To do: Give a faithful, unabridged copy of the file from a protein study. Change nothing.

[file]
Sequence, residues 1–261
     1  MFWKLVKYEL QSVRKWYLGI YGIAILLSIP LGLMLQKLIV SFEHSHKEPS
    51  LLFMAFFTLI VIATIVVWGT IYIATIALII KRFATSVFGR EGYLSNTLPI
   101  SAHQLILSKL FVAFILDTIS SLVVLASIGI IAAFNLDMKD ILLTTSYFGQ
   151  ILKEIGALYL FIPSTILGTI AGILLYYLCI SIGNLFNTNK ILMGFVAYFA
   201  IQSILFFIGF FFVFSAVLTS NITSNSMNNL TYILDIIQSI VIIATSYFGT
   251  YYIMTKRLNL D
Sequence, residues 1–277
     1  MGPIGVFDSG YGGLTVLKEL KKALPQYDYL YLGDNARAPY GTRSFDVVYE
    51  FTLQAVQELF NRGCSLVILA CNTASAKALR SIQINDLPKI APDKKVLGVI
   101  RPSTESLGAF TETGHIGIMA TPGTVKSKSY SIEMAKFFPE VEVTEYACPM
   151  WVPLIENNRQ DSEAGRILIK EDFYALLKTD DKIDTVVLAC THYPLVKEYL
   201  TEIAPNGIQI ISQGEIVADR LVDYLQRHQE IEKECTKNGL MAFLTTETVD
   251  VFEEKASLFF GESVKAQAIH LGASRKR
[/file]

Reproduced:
Sequence, residues 1–261
     1  MFWKLVKYEL QSVRKWYLGI YGIAILLSIP LGLMLQKLIV SFEHSHKEPS
    51  LLFMAFFTLI VIATIVVWGT IYIATIALII KRFATSVFGR EGYLSNTLPI
   101  SAHQLILSKL FVAFILDTIS SLVVLASIGI IAAFNLDMKD ILLTTSYFGQ
   151  ILKEIGALYL FIPSTILGTI AGILLYYLCI SIGNLFNTNK ILMGFVAYFA
   201  IQSILFFIGF FFVFSAVLTS NITSNSMNNL TYILDIIQSI VIIATSYFGT
   251  YYIMTKRLNL D
Sequence, residues 1–277
     1  MGPIGVFDSG YGGLTVLKEL KKALPQYDYL YLGDNARAPY GTRSFDVVYE
    51  FTLQAVQELF NRGCSLVILA CNTASAKALR SIQINDLPKI APDKKVLGVI
   101  RPSTESLGAF TETGHIGIMA TPGTVKSKSY SIEMAKFFPE VEVTEYACPM
   151  WVPLIENNRQ DSEAGRILIK EDFYALLKTD DKIDTVVLAC THYPLVKEYL
   201  TEIAPNGIQI ISQGEIVADR LVDYLQRHQE IEKECTKNGL MAFLTTETVD
   251  VFEEKASLFF GESVKAQAIH LGASRKR